Spaying Your Dog
Spaying Your Dog

Spaying, or an ovariohysterectomy, is the surgical removal of the ovaries and uterus of the female animal. This surgery eliminates heat periods, prevents pregnancy, uterine infections, ovarian and uterine tumors, and reduces the risk of mammary cancer.

A spay is a major surgical procedure which is done under general anesthesia, and will require your dog to stay one night at the clinic. Upon arriving home, there are several things you can do to help with your dog's recovery.

Home Care

  • Do not allow your dog to eat or drink for 2 hours when she first arrives home. Animals tend to be excited and may overeat, leading to vomiting.

  • Restrict activity and allow no free running for 10-14 days. Leash walk only during this time.

  • Keep your dog as clean and dry as possible. Do not bathe or allow your dog to swim for at least 10 days following surgery.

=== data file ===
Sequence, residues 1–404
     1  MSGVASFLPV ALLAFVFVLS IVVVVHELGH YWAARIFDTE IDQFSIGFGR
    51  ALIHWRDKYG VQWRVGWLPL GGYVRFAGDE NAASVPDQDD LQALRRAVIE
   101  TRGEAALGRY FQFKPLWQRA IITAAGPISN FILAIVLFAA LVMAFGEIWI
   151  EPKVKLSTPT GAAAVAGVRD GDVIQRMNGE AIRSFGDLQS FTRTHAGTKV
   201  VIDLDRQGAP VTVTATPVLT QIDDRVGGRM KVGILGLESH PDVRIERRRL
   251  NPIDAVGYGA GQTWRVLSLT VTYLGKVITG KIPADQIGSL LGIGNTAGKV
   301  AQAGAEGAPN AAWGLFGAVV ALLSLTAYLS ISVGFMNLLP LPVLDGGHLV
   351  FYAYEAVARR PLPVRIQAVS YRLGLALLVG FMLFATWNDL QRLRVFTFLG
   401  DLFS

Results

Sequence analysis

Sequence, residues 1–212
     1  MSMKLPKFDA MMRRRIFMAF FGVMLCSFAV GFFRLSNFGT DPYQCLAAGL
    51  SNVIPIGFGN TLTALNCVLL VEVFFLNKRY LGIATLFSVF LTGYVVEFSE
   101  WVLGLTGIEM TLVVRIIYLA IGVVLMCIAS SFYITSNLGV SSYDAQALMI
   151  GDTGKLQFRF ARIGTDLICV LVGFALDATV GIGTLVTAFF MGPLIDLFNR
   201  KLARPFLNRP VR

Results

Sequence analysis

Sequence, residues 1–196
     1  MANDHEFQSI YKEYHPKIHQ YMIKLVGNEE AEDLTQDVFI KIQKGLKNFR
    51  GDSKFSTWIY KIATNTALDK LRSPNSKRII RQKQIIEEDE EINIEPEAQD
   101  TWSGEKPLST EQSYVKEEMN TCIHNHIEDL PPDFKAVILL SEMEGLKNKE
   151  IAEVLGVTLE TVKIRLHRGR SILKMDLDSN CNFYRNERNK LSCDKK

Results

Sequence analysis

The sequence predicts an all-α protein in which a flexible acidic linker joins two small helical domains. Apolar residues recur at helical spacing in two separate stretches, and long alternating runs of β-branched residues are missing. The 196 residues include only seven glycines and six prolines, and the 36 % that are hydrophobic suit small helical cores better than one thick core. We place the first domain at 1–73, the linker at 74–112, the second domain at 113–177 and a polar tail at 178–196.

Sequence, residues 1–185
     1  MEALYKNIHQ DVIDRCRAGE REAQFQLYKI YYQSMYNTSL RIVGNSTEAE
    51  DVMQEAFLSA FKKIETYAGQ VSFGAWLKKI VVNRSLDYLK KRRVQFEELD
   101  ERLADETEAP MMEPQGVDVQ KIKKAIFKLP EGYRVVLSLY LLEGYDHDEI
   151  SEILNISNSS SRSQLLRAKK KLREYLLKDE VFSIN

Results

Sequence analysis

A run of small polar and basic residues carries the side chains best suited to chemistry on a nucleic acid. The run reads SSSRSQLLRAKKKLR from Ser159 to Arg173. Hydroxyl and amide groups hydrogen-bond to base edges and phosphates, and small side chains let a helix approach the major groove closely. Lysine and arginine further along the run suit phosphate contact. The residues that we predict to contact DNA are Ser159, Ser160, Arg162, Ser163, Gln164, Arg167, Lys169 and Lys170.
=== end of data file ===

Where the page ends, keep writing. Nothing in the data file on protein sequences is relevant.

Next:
• Inspect the surgical site twice daily. Notify the doctor if you see swelling, bleeding or discharge from the incision.

  • Do not allow your dog to excessively lick the incision site or chew at the sutures. If this occurs, please return to the clinic for a special collar.

  • If skin sutures were placed, they will need to be removed in 10-14 days. Please schedule an appointment for this suture removal.

  • Notify the doctor if your dog is not eating or drinking, appears depressed, or is vomiting.